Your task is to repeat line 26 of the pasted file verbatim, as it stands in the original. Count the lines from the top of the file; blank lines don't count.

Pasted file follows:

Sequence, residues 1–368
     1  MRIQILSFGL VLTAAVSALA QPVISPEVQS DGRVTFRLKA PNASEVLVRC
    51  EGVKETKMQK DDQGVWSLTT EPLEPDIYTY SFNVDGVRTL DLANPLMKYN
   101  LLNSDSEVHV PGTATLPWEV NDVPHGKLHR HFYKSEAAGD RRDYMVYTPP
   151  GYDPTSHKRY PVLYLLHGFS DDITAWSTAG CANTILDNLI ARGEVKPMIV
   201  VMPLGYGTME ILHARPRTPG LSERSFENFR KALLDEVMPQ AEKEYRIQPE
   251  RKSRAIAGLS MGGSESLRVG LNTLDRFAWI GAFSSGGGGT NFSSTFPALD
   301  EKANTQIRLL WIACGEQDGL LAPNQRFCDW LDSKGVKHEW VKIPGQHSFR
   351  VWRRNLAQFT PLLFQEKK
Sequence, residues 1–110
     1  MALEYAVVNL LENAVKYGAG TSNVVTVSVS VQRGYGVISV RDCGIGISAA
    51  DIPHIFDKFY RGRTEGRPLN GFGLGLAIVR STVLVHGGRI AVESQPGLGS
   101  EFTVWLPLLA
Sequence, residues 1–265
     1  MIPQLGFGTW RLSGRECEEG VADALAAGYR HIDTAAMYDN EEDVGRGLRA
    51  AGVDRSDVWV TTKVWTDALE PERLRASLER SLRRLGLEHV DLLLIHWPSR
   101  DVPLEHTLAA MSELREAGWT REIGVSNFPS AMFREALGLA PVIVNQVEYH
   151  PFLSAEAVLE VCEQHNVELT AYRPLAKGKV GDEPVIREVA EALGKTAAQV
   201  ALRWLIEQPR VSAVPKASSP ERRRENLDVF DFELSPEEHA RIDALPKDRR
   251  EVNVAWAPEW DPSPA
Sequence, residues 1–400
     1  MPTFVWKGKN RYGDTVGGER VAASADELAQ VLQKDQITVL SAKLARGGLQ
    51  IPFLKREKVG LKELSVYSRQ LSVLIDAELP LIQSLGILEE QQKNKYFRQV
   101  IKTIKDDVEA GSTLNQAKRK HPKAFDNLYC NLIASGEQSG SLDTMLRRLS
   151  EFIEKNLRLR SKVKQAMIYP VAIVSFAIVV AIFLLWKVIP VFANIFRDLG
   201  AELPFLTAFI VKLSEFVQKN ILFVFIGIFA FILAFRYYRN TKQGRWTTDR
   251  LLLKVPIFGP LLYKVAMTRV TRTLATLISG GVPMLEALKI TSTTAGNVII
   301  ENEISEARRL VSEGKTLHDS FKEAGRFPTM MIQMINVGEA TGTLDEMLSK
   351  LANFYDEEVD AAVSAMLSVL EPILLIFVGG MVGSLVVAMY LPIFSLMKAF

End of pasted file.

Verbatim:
   201  AELPFLTAFI VKLSEFVQKN ILFVFIGIFA FILAFRYYRN TKQGRWTTDR